Fear is usually a reactive force. In overcomming his fear, the character learns to live proactively…
I’ve written many many scenes for this story. I have even better scenes still in my head that I have yet to write.
Thank you Matthys, and Blake of course, for helping me to put those scenes into perspective.
I have had SO much help with this story. SO much brilliance poured out to me.
That said, I’m gonna get this write…Ret
It seems many films start with a hero afraid of something – water, say – and then really crank it up as the film moves forward and especially during the confrontation scene. Example – Jaws – if Roy Scheider is afraid of water, let’s envision the confrontation scene with him not just in the water, but in the water aboard a slowly sinking ship in a battle for his life against some horrible, man-killer shark. Now, he’s not only in the water, but he’s about to be drowned AND eaten – legs first. He thought he was just afraid of the water…but now…”How would you like to come down here and shovel this s***?”
I agree that defining the protagonist’s fear is a great divining rod for writing a story. I see that fear morphing, much like the hero’s goal:
Saving Private Ryan – First they’re afraid for their lives in general
just being soldiers; then they’re afraid they are putting themselves
at even greater risk hunting down a merely ordinary soldier
Schindler’s List – First he’s afraid he will lose business during the
war, then he’s afraid for others’ lives and that he won’t save enough
Goodfellas – First he’s afraid he won’t be accepted and/or successful;
then he’s afraid it’s all falling apart and he’ll get caught
E.T. – First he’s afraid of E.T., then that he’ll be found and taken
from him, then that they will kill E.T. and himself (because of his
“connection” to him)
Dead Calm – In their grief, they fear they won’t recover. Then, when
they’re separated at sea, they fear (among other things) that they may
die AND never see each other again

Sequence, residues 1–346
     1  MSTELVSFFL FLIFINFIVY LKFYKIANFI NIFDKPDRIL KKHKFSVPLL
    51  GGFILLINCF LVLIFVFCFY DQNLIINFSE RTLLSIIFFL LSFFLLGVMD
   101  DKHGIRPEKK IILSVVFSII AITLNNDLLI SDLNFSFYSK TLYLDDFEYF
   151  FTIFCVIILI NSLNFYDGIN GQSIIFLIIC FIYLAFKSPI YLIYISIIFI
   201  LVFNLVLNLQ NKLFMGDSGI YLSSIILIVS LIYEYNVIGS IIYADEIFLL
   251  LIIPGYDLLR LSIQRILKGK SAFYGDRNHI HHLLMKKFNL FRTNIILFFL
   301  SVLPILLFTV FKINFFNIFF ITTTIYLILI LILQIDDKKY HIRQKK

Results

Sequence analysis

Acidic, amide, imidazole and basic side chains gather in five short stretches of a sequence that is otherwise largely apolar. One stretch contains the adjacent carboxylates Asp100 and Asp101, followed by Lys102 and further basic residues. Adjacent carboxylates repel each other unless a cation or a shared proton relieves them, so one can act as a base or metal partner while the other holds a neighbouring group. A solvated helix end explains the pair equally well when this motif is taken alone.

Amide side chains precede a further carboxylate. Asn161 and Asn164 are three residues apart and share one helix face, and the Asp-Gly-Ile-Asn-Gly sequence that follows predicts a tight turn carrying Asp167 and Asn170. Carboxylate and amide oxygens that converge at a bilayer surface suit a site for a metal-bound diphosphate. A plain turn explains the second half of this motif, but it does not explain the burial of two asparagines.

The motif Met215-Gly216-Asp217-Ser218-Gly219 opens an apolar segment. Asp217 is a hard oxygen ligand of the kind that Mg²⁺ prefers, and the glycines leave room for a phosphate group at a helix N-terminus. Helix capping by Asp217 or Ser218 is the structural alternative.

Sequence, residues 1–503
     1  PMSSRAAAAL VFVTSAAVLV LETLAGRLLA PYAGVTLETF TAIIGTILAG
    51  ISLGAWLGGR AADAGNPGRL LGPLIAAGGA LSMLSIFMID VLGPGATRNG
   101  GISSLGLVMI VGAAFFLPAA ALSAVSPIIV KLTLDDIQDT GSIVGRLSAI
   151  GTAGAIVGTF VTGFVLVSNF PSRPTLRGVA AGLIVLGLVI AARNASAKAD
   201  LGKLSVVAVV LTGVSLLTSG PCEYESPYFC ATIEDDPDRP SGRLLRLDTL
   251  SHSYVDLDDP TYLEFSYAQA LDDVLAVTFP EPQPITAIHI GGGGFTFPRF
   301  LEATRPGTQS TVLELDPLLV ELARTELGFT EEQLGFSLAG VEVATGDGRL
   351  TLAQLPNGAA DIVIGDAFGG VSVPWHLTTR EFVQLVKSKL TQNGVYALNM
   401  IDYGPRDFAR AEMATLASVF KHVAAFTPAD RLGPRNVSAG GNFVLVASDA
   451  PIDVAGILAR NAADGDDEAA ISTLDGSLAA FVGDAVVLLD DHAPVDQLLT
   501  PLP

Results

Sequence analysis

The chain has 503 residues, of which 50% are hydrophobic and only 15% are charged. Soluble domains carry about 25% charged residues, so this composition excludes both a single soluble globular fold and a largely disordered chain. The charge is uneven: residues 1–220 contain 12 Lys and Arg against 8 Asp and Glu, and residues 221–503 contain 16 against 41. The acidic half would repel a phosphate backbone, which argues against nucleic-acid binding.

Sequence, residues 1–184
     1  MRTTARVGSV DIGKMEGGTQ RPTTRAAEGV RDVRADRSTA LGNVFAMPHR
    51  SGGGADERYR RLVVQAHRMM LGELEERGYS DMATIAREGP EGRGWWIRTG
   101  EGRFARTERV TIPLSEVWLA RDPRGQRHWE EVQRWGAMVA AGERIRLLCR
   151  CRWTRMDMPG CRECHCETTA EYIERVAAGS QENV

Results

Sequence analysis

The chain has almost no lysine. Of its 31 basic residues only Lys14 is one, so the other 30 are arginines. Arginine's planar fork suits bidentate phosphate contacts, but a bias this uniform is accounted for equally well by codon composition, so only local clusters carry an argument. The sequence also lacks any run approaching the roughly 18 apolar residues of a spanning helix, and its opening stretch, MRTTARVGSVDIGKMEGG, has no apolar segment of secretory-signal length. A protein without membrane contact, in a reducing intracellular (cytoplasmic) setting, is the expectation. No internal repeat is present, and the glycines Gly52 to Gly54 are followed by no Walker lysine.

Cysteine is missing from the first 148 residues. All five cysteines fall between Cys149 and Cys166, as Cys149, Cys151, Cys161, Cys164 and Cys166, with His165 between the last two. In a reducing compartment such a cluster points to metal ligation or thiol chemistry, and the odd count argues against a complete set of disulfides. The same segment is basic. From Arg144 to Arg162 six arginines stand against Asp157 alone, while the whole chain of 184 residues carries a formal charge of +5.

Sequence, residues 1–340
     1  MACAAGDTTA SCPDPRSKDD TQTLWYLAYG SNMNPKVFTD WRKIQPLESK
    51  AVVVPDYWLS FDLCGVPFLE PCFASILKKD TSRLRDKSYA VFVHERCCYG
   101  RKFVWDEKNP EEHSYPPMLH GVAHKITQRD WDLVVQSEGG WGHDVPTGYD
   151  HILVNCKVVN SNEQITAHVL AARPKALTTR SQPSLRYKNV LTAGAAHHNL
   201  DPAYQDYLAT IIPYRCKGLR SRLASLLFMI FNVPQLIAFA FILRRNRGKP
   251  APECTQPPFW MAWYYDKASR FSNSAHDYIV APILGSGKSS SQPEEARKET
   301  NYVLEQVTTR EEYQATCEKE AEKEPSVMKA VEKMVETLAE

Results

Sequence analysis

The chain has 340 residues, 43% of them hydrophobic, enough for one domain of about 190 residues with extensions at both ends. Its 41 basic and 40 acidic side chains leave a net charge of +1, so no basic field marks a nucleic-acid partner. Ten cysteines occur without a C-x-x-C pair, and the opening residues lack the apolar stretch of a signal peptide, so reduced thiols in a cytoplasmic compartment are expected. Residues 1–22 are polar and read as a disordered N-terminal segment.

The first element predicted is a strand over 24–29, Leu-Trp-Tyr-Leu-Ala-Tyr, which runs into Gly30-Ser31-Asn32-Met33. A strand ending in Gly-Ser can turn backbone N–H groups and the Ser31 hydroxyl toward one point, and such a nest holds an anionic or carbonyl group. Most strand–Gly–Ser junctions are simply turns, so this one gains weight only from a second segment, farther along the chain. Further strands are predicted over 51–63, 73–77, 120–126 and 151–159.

Is the hero’s fear and his goal always two sides of the same coin?
- Stephen Todoro
Great reminder, Blake! I was working on a section of script that seemed flat and I couldn’t figure out why. Then I read your blog on the element of fear and there was my answer! When I realized that, it was easy to put myself in the place of the main character and let the fear get the creativity going. It all goes back to your point of primal urges getting our attention. When in doubt, get down to the primal and it will open you up!
The fear I have has already been written about by Stephen King and has already been made into a movie….’IT’
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I studied a lot of Michael Hauge before discovering STC. The most profound statement that he’s made (according to me) is on one of his DVDs. He says:
“Be willing to be afraid”. Hauge
Now here I hear:
“By looking at our fears, and facing them, we can be bold in our writing…” Blake
How do you look at *your* fear, face it, and boldly incorporate it into the life of a character?
Let’s see if I’m on the right track. Let’s say that my fear is…FEAR OF POVERTY. (not that it is, I’m just let’s saying).
I’ve made my Protag a workaholic, because he doesn’t want to die poor. He had a very piss poor entrance into this world (welfare paid for it). He wants to leave, when the time comes, with dignity. He wants a tombstone.
How did I do? Does this ^ come close to what you mean?
Even so, I still don’t understand what Hauge is discussing: “Be willing to be afraid.” I stare blankface.